Saturday, May 25, 2013

Selenium Rectifiers: The Most Musical Power Supply Rectifiers?

Originally used on Avery Fisher’s Fisher 500-C Receiver, is the selenium rectifier the most musical power supply rectifier ever used for hi-fi applications?

By: Ringo Bones

Sadly, as we headlong into the second decade of the 21st Century, the “failure-prone” selenium rectifier originally used in the Fisher 500-C receiver had now been relegated to the dustbin of history and are the usually the first ones to be replaced with more modern silicon bridge rectifiers whenever a Fisher that dates back to 1964 needs to be brought to present day operating condition. But should everyone wanting their old Fisher 500-C receiver to be brought to present day working condition need to replace the original stock selenium rectifier that still works despite of its reputation of being failure-prone? After all, selenium rectifiers tend to be more musical than their more modern silicon-based counterparts, right?

Given that the thermionic vacuum tube / valve manufacturer Mullard managed to manufacture the most reliable – and most musical sounding – version of the AD 149 PNP germanium output transistor during the 1960s – Mullard doesn’t seem to be able to manufacture their own more reliable, and hopefully a more musical version, of the failure-prone stock selenium rectifiers on the original Fisher 500-C receiver. And if they did, they might be as rare as hen’s teeth this day and age. But given the inherent unreliability of selenium rectifiers, why did Avery Fisher used it as the main rectifier system when he first designed his iconic Fisher 500-C receiver? Is it really more musical sounding in comparison to its more modern silicon counterparts? But first, here’s a primer on what this selenium rectifier business is all about.

Selenium rectifiers belong to the family of metallic or dry-disk rectifiers. A typical selenium rectifier consists of a layer of selenium, a semiconductor, deposited on an iron plate. The selenium acts as a P-region while the iron plate acts as the N-region. And when a voltage is applied in the forward bias direction (positive to the selenium and negative to the iron), current flows readily through the rectifier. When connected in the reverse bias direction, the resistance of the rectifier becomes very high and very little current may flow through it. Several such diodes may be connected in series to increase its voltage-handling ability. This is primarily how the power supply of the original 1964 era Fisher 500-C receiver converts the 110-volt 60-Hz AC of American wall sockets into the various DC voltages required to power it up and play tunes, or of news broadcasts, etc.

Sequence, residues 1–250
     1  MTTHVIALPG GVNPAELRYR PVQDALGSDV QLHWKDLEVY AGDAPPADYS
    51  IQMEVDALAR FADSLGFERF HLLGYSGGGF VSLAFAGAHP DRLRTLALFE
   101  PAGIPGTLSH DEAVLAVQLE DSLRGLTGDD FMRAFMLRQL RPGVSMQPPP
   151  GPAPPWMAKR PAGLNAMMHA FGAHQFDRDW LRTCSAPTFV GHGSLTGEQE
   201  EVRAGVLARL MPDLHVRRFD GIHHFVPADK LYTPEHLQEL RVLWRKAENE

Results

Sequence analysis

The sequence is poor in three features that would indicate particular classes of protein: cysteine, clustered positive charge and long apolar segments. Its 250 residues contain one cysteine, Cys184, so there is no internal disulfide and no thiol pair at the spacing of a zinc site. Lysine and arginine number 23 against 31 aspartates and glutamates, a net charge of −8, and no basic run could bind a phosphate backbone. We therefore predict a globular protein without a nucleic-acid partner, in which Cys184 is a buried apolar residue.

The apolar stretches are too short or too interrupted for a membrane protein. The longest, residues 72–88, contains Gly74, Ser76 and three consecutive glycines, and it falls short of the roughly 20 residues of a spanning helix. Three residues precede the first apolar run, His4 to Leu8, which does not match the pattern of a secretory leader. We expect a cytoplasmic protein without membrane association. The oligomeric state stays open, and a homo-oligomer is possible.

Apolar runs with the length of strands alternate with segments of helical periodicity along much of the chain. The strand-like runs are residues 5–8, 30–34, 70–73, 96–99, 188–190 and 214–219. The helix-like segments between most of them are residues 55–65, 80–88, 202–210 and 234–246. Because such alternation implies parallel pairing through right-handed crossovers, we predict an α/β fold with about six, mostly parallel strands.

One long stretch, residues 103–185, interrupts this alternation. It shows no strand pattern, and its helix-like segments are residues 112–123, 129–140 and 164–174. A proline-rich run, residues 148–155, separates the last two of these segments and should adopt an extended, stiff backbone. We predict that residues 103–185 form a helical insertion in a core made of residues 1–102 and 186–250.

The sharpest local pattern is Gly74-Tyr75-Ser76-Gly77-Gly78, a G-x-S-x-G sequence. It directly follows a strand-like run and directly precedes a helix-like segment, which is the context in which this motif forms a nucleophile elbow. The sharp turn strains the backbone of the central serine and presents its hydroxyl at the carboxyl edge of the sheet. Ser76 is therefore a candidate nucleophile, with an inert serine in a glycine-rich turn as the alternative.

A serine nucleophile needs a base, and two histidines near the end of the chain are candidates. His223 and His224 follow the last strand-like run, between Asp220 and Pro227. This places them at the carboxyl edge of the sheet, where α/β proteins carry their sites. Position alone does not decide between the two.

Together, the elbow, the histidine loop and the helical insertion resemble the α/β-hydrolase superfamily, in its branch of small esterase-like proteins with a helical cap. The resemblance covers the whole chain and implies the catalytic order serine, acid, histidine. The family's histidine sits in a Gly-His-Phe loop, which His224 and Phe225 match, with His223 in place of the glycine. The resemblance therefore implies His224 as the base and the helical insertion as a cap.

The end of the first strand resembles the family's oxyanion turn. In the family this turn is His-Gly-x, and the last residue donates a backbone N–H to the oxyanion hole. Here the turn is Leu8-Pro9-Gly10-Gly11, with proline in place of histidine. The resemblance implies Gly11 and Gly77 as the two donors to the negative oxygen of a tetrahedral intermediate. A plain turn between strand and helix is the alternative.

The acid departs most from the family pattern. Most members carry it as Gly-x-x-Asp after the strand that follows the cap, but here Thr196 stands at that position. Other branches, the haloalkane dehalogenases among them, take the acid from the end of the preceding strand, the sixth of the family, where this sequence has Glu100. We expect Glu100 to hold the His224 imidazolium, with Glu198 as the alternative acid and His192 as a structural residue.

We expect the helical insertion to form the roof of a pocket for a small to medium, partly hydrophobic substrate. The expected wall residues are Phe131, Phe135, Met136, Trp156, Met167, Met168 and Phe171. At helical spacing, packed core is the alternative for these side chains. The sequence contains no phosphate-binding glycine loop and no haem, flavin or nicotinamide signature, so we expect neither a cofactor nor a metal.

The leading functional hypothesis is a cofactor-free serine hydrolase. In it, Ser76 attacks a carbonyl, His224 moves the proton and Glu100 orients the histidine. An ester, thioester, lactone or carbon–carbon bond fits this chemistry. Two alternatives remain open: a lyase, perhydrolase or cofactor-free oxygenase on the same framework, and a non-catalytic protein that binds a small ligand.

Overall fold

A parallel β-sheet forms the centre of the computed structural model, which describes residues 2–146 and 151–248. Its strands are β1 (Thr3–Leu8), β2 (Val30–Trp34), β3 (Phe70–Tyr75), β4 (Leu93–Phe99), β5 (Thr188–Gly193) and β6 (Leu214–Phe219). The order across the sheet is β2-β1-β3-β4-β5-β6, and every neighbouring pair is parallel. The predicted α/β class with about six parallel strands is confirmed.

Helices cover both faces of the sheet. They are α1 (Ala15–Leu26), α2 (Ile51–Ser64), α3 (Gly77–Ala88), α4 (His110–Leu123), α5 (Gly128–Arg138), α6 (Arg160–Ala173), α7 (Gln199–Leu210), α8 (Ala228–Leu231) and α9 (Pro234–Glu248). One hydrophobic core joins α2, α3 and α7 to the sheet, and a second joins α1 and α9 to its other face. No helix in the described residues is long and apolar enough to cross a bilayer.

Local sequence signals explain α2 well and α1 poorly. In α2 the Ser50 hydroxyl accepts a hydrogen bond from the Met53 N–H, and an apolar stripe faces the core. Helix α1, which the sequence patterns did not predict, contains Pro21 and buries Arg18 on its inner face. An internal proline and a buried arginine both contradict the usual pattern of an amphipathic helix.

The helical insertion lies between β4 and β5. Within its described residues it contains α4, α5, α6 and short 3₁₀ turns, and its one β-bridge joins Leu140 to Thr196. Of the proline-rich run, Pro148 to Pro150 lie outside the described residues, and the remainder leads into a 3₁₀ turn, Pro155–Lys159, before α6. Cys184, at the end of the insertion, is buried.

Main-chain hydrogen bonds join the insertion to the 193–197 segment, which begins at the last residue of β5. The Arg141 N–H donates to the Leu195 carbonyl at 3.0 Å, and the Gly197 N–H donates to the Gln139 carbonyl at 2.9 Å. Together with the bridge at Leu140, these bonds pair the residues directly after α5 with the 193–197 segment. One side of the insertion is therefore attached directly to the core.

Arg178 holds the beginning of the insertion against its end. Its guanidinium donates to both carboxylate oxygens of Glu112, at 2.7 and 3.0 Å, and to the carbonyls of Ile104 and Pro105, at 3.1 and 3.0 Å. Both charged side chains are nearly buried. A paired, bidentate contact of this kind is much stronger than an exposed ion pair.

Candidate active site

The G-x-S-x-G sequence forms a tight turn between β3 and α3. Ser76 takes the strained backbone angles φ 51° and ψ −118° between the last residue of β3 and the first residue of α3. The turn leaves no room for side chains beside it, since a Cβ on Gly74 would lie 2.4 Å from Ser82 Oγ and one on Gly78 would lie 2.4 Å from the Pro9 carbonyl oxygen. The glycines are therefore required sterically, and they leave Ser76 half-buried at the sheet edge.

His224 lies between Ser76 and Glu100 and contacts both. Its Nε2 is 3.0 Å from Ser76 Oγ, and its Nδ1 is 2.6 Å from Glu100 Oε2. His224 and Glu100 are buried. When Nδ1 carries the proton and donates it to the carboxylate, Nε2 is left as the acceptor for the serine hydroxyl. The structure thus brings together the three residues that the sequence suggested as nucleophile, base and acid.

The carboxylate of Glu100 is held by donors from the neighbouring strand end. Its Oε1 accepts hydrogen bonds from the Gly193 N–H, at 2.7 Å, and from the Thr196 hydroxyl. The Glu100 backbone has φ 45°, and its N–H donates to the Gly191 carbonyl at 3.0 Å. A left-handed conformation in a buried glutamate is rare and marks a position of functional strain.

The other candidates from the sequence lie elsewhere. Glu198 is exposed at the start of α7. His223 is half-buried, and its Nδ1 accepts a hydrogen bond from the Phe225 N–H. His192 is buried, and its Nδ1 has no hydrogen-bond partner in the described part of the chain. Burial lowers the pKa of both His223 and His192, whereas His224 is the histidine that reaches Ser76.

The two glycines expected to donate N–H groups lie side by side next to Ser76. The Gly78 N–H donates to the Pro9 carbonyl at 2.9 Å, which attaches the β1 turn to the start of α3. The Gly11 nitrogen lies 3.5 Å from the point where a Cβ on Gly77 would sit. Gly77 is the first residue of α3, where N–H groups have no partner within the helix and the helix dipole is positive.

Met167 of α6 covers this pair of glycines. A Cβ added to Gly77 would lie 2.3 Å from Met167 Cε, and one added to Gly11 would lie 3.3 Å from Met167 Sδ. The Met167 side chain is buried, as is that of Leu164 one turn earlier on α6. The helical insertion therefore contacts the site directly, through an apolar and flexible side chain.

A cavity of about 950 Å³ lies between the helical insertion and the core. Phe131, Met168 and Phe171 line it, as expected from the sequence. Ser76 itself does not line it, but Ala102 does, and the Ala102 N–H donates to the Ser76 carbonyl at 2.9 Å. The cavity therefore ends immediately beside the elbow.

Given you are one of the fortunate few to be able to use one as part of the power supply of your experimental DIY hi-fi power amp (tube or solid-state), selenium rectifiers tend to have a “musicality” not normally found in typical run-of-the-mill modern silicon rectifiers that are now de rigueur in mass market audio equipment. Its closest modern equivalent sound-wise and musicality-wise is a high-speed Schottky diode rectifier and a Rubycon Black Gate capacitor equipped power supply. Sadly, high-speed, high current Schottky rectifiers are now a rarity after Mainland China invented a RADAR system heavily dependent on high-speed Schottky rectifiers in its operation that can “see” stealth aircraft.  

The “unreliability” and the “failure-prone” nature of the selenium rectifier may have been due to the still primitive – compared to the standards already prevalent during the 1980s to this day – state of solid-state device mass production of the late 1950s and for much of the1960s. Also, I can only assume that a typical early 1960s selenium rectifier could also be very prone to galvanic corrosion if the selenium and iron plate interface gets exposed to atmospheric moisture – especially in hot, tropical climes. These glaring caveats aside – a selenium rectifier mass produced with high-reliability in mind has a musicality not normally found in today’s mass-market generic silicon-based power supply rectification systems, unless of course you are sold to the still much more musical thermionic vacuum tube rectifier system based on the original Mullard GZ34 or 5AR4.


April Rain said...

I think Mullard never got into the selenium rectifier manufacturing business because even if left unused and in safe storage, selenium rectifiers tend to deteriorate over time.

Ringo said...

You are absolutely right about the "perishable" nature of selenium rectifiers, April Rain - and when they do "give up the ghost" so to speak, they emit a really awful smell (as in selenium mercaptants?).